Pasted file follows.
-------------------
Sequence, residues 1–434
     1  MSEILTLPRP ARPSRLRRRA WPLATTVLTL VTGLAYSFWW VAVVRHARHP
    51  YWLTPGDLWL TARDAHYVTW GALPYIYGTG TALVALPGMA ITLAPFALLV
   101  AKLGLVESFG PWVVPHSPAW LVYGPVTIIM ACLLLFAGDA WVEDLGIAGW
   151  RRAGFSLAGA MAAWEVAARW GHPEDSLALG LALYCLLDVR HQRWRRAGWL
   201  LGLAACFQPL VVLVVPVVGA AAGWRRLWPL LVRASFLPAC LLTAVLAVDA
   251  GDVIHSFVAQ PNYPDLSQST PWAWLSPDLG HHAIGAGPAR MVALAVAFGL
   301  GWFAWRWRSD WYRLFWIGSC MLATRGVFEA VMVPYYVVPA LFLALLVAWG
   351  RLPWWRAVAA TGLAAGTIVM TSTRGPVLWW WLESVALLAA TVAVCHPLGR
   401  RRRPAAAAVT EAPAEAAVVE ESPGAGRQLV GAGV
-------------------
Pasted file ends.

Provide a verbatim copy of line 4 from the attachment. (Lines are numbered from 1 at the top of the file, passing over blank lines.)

   101  AKLGLVESFG PWVVPHSPAW LVYGPVTIIM ACLLLFAGDA WVEDLGIAGW